the exclusive contract to run the centers in Colorado, and has been the
center of a controversy. Apparently, the Health Dept., which is in
charge of the air quality program, awarded this company the contract even
though two other companies were lower bidders, and Envirotest is not ready
for a single test yet.
The goal in this area is a 30 % reduction in CO by the end of next year,
or else the region faces sanctions in the form of having withheld $320
million in highway funds and requiring industries to install scrubbers.
In any case, I believe it depends on the region how exactly the IM240
test is implemented.
The GAO has made statements that the IM240 is so
unreliable that a repaired car still may not pass.
As far as 2002s go, it won't be a problem getting the test done in this
region for next year. I think it'll only be a matter of time, though,
before the older cars have to go on the dyno, and they'll be tested for
NOx, CO, and HC through a simulated driving cycle. Either that, or the
state will decide that you simply can't use any older car on certain days
in winter, which was proposed last year and promptly shot down (don't
get me started on this).
Keith Gawlik gawlik_at_colorado.edu
Boulder, CO (303) 384-6260
'71 R75/5, '75 2002
13.4: Suspension & Steering
13.4.1: Steering failure
From: "Yurko Joseph" <yurko_joseph_at_smtp2.space.honeywell.com>
Date: 14 Jun 1995 12:05:26 U
I recently had the misfortune of having the steering fail on my '76 2002A.
Fortunately this happened when I was moving very slowly while maneuvering into
a tight parking spot which required a large ammount of force to turn the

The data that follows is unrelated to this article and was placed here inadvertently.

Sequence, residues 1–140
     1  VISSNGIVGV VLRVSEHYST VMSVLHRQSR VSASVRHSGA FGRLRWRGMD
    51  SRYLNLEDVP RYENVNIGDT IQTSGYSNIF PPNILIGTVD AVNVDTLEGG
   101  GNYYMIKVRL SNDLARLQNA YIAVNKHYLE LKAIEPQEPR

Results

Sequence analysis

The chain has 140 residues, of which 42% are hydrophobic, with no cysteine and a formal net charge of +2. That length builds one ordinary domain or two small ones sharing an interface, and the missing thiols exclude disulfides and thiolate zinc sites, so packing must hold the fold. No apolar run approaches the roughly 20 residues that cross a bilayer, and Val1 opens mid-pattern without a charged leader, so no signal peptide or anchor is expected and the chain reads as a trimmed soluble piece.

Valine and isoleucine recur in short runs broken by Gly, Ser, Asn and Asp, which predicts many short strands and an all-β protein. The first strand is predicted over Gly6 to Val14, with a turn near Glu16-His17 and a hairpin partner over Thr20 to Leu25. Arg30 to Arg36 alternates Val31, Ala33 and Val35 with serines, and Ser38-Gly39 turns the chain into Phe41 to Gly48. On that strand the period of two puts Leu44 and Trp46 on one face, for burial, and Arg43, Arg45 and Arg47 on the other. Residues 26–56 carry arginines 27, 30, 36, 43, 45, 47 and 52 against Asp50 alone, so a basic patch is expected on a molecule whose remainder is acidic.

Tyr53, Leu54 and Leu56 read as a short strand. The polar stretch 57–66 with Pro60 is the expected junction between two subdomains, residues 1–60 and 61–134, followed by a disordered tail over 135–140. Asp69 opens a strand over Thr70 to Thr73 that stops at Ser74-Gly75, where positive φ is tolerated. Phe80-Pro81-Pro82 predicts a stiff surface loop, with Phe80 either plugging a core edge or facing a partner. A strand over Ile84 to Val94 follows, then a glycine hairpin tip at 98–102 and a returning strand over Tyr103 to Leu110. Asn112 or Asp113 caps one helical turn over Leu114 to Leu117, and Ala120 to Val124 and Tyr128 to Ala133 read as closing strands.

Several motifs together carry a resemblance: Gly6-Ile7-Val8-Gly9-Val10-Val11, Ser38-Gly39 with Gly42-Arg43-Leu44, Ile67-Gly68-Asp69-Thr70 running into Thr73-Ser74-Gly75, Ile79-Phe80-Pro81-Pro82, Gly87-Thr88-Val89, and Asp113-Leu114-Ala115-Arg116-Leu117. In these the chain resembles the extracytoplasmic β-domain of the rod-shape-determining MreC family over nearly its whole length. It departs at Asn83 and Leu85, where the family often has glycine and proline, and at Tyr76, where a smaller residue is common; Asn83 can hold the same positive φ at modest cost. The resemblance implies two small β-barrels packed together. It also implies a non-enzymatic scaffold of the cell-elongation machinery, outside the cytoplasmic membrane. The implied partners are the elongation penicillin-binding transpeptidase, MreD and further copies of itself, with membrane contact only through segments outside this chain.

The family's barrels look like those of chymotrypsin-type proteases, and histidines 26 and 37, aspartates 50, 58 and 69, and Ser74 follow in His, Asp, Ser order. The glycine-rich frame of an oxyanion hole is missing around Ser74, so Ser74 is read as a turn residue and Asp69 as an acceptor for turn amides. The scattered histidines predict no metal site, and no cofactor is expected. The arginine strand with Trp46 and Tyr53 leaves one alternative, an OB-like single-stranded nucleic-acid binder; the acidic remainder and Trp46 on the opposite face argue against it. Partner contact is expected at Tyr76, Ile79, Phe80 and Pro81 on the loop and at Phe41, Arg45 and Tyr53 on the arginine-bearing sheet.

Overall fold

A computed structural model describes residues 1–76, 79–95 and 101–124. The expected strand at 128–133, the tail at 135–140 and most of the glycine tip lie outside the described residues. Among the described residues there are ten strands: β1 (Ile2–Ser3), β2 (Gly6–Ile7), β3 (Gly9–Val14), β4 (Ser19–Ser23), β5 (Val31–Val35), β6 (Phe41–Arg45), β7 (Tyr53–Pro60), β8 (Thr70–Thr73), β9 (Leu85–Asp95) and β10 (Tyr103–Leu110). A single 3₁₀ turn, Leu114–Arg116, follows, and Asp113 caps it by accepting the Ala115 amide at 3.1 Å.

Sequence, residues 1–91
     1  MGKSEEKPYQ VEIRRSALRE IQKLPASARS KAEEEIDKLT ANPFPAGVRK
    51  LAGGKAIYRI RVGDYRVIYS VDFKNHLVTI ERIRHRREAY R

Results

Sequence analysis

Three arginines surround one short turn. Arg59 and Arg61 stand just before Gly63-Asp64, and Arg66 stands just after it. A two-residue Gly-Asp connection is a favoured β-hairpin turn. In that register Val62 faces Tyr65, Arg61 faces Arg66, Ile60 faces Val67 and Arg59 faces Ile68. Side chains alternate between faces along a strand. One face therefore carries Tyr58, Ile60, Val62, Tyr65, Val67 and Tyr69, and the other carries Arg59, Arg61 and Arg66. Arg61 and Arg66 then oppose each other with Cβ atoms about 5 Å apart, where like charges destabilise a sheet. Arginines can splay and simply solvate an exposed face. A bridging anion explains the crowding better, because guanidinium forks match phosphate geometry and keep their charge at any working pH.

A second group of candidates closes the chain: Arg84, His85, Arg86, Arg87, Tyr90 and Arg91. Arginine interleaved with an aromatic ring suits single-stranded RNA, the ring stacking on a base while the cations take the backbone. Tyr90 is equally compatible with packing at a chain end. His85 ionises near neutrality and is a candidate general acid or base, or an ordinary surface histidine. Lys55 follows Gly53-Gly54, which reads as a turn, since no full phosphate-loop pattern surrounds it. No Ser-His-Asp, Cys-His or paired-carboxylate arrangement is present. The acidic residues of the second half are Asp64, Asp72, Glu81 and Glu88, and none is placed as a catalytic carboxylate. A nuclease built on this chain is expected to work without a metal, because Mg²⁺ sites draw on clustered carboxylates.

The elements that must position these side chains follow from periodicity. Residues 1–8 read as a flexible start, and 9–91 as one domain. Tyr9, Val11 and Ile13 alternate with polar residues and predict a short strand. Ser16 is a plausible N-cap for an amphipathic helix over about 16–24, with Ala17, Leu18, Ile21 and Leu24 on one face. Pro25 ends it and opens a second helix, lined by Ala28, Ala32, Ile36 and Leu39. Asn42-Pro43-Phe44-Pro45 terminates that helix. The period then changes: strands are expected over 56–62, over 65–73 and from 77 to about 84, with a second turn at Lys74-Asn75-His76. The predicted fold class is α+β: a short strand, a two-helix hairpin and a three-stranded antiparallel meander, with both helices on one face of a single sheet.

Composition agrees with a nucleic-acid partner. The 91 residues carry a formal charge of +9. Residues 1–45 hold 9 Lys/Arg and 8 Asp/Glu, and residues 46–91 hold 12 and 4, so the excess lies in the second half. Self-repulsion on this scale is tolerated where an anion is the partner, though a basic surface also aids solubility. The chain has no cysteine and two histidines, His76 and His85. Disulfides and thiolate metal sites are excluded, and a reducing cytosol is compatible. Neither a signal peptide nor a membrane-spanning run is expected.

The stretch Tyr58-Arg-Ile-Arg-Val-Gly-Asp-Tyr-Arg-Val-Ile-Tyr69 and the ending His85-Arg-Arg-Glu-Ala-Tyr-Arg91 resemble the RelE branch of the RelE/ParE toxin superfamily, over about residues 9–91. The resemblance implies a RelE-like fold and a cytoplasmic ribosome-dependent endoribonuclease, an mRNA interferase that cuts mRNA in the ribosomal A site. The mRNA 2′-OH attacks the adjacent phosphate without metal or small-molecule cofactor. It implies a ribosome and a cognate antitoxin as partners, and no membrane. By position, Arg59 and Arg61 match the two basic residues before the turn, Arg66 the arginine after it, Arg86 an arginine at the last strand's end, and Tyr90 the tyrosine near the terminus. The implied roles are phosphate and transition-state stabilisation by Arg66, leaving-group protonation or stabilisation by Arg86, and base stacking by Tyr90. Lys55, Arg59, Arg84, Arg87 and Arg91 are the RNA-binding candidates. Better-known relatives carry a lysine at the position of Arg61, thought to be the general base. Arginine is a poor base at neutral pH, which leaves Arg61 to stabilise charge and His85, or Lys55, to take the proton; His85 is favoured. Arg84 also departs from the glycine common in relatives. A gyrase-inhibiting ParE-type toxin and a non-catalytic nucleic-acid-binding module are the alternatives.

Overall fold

steering wheel. I suspect that this failure could also have occurred during a
drivers school or autocross where the stresses on the steering components are
higher than would be seen during normal driving.
Upon inspecting the car, I discovered that the rubber coupling which connects
the steering gear box to the steering column had failed. This failure rendered
the steering wheel completely useless !! I strongly recommend that all 2002
owners (and others) inspect their cars and replace the coupling if there is ANY
sign of deterioration. The parts cost approximately $20 and are not difficult
to replace. The microfiche shows two parts for the coupling: one is a rubber
disk with four mounting holes, and the other is a small, weak spring whose
function is not obvious (does anybody know what the spring does ?) My car had
To install the new parts:
Do not remove any parts from the steering column in the car interior.
Do not loosten or remove the steering box.
Remove the four nuts securing the coupling.
Loosten the nut securing the splined flange to the steering column and
slide the flange towards the steering wheel. Note the orientation of the
flange to the shaft so you can reorient the flange properly during reassembly.
Remove the old rubber coupling and spring.
Install the new parts and reverse the disassembly procedure, being sure to
orient the flange properly to the steering column shaft.
Check to make sure you tightened everything you loostened.